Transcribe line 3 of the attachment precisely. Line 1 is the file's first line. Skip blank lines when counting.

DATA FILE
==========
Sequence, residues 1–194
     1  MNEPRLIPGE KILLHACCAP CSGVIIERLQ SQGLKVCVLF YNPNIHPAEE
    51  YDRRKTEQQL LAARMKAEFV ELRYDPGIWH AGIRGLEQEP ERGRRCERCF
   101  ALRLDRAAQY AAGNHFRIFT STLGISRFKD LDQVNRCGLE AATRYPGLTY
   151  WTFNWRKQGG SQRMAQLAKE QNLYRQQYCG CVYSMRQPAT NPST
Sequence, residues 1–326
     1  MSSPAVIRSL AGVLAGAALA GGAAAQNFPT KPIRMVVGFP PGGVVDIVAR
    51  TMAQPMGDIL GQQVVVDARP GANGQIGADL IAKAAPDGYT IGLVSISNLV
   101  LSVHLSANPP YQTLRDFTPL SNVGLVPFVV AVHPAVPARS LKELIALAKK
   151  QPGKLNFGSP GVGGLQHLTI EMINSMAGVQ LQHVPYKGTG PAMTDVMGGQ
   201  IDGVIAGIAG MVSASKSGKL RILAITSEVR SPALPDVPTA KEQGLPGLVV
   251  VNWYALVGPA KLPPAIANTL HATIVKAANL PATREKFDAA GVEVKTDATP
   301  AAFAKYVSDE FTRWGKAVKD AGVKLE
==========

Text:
    51  YDRRKTEQQL LAARMKAEFV ELRYDPGIWH AGIRGLEQEP ERGRRCERCF